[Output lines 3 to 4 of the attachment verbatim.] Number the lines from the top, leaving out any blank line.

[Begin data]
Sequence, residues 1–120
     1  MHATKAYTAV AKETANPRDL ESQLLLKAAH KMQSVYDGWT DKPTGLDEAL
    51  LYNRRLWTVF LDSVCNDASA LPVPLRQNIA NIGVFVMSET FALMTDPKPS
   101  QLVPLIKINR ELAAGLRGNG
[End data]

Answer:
    51  LYNRRLWTVF LDSVCNDASA LPVPLRQNIA NIGVFVMSET FALMTDPKPS
   101  QLVPLIKINR ELAAGLRGNG